10.20pm:Act MP David Seymour is claiming Epsom, he's got a 4,341 lead with 88.7% of the vote counted. He has a very snazzy shirt in party colours, presumably tailor-made for this occassion.
"My campaign was to be the best possible candidate for Epsom and provide centre right Government in Wellington."
10.15pm:Quite a few confirmed results coming in now, the vote counters are absolutely steaming through the ballot papers. A final result won't be far off. Check out out handy graphics for details:http://tvnz.co.nz/vote-2014/results
10.12pm: A weary looking Hone Harawira is not prepared to concede Te Tai Tokerau yet, not until all the votes have been counted. "It's not a case of clinging on for grim death. I just see no reason to concede right now." With 90% of votes counted he trails Kelvin Davis by 1,000 votes.
10pm:NZ First Leader Winston Peters takes to the stage at party HQ in Auckland. The party has 11 seats with 90% of the vote counted, so you would have thought he would be pretty up beat...? Wrong.
"This was without reason an early election but nevertheless enough voters saw we suffer from a two tier economy, Auckland, Christchurch and the rest of New Zealand," he says.
"We are not living in a rock star economy indeed this is a very uncertain time for anyone contemplating the next three years in Government.
"Despite tonight's result the great majority of New Zealanders will see we can't go on as we have."
9.56pm:Sounds like National has the best party in town at the moment, although things could be picking up soon at Labour HQ:
9.43pm: ONE News predicts:47.16% for National, giving them 60 seats in the 121 seat Parliament, then add on one each from Act and United Future and it will give them the numbers to govern. A couple of seats from the Maori Party and they could have a comforatble majority.
The results so far are almost like John Key is sitting at home writing out the outcome himselfKatie Bradford (@katieabradford) September 20, 2014
9.34pm:Labour lead in five out of the six Maori electorates. The exception is Waiariki where Maori Party leader Te Ururoa Flavell has the lead with 72.7% of votes counted. His party currently have 1.25% party vote, so they might need a few more votes to get extra MPs.
9.30pm:Hiring out the Cloud on Auckland's waterfront can't be cheap, and the food at the Internet Party event has also barely been touched as the supporters face possible defeat. With Hone Harawira trailing in Te Tai Tokerau, they might not get over the line after all. Internet Party leader Laila Harre will not be going to the party until the Tai Tokerau result is known.
9.25pm:There could be some high-profile casualties from the Labour list as things stand. With 54% of the vote counted, Labour can expect 30 seats in the next Parliament, but with the party set to win 27 electorate seats, it means only three from the list will be allowed to join them. That means Sue Moroney and Andrew Little wouldn't make it at nine and 10 on the list.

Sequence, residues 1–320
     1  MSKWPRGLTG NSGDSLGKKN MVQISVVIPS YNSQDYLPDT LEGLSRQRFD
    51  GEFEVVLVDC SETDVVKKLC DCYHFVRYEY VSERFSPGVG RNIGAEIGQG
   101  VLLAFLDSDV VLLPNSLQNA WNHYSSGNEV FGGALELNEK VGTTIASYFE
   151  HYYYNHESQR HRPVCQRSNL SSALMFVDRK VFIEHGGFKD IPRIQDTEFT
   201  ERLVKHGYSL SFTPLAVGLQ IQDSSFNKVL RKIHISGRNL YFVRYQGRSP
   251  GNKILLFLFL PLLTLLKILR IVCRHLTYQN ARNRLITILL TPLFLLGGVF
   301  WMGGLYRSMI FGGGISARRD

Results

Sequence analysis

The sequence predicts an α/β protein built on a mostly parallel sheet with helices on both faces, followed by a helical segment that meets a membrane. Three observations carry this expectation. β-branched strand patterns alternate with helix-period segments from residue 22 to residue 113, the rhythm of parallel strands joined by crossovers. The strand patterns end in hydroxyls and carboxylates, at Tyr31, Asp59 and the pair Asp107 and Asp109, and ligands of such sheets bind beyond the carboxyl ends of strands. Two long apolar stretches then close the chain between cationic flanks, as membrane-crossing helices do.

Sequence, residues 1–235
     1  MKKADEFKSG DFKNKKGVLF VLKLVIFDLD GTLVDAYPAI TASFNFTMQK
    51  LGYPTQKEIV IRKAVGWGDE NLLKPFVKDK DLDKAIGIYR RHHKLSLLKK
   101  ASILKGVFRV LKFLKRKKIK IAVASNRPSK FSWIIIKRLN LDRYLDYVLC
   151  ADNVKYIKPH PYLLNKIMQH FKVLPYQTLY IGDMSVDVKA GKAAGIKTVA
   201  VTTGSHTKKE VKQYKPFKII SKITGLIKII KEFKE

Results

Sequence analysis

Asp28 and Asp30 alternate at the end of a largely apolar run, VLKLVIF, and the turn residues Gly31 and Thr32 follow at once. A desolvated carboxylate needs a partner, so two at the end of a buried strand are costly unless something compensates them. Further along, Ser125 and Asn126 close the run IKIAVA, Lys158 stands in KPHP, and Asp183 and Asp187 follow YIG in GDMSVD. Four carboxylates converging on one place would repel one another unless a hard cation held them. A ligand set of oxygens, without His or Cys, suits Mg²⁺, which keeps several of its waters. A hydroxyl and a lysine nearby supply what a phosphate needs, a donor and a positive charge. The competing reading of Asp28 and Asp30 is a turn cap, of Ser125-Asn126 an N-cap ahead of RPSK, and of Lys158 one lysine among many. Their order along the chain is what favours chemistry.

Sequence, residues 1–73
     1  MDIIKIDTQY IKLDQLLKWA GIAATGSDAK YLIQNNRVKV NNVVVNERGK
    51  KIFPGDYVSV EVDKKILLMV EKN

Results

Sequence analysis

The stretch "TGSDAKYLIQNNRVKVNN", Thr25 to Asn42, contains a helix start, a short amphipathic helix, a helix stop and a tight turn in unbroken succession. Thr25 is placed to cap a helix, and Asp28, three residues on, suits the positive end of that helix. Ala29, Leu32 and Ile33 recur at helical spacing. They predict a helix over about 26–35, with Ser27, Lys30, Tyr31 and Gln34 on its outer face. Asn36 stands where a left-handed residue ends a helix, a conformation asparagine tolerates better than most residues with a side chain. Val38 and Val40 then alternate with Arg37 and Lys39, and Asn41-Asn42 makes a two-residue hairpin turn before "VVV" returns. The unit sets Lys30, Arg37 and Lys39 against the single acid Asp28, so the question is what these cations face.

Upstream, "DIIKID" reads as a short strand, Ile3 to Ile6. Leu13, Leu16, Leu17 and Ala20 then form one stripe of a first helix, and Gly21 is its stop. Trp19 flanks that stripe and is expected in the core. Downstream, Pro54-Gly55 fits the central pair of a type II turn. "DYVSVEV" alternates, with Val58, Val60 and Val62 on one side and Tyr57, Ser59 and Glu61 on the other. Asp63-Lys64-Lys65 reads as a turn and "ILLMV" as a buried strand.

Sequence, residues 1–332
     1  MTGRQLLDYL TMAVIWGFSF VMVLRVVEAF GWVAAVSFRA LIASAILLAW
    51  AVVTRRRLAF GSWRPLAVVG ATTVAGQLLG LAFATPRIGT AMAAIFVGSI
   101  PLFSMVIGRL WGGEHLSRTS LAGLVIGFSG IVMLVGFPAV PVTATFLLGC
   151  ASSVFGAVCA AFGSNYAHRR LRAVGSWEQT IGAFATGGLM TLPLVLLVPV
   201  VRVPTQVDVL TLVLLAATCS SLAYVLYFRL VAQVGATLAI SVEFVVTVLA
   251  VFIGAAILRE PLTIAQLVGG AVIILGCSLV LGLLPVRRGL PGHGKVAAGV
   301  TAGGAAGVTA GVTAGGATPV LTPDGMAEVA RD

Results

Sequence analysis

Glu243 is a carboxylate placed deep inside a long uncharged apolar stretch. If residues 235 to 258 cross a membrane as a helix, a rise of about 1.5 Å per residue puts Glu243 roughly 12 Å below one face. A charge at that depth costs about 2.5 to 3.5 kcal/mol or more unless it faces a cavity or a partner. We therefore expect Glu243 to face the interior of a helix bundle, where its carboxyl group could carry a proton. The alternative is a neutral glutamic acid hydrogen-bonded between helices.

9.14pm: Labour's Kelvin Davis takes the lead in Te Tai Tokerau. His lead is growing too, he's got a 177 vote advantage over Hone Harawira with 50.5% of the votes counted. If Mr Harawira doesn't win his seat, Internet-Mana will not be in the next Parliament.
9.03pm:Conservative leader Colin Craig is pretty much calling it, he admits it's a big ask for his party to get over the 5% threshold. They are currently on 4.3%.
"Five percent's looking a long way off, we'll see how we go," he says. "It's always been a long term game and we're not even three years old yet as a party."
8.55pm:There's some pretty close races going on out there: Nikki Kaye has just a 418 vote lead in Auckland Central (with a third of votes counted); Just 62 votes seperate National's Peseta Sam Lotu-Iiga and Labour's Carol Beaumont in Maungakiekie (32.1% counted) and in Te Tai Tokerau, Hone Harawira has just an 86 vote advantage of Kelvin Davis (36.1% counted). Labour's Trevor Mallard is also clinging on to Hutt South with a 330 vote lead (23.7% counted).
8.42pm:Hone Harawira's feeling "at peace" at home as the results come in, although he still seems frustrated at "National, Labour, New Zealand First and the Maori Party" who he says all tried to encourage voters to back his opponent and push him out of Parliament.
"John Key you either stand in the tai tokerau or shut your mouth!" he says.
He's just 215 votes ahead with 27.7% of the vote counted.
8.30pm:National's campaign manager Steven Joyce isn't "counting his chickens" just yet, but will say with some confidence that National will be the biggest party in the next Parliament. Meanwhile, Paula Bennett is "a bit apprehensive" about the National Party vote. She's so nervous she might not be able to tuck into the tacos and sliders on offer at the National Party HQ.
8.20pm:David Cunliffe is currently 807 votes ahead of Nationals Tim Groser after 20.8% of the vote counted in the New Lynn electorate. At the 2011 election, Mr Cunliffe had a majority over Mr Groser of 5,190.